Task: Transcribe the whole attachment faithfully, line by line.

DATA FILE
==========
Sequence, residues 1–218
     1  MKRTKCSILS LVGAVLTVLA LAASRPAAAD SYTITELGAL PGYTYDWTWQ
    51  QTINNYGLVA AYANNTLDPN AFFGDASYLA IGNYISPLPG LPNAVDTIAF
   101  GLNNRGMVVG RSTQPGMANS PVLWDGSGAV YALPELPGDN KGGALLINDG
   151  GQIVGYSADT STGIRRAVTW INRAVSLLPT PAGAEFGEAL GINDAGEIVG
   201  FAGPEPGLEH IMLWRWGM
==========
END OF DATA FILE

Sequence, residues 1–218
     1  MKRTKCSILS LVGAVLTVLA LAASRPAAAD SYTITELGAL PGYTYDWTWQ
    51  QTINNYGLVA AYANNTLDPN AFFGDASYLA IGNYISPLPG LPNAVDTIAF
   101  GLNNRGMVVG RSTQPGMANS PVLWDGSGAV YALPELPGDN KGGALLINDG
   151  GQIVGYSADT STGIRRAVTW INRAVSLLPT PAGAEFGEAL GINDAGEIVG
   201  FAGPEPGLEH IMLWRWGM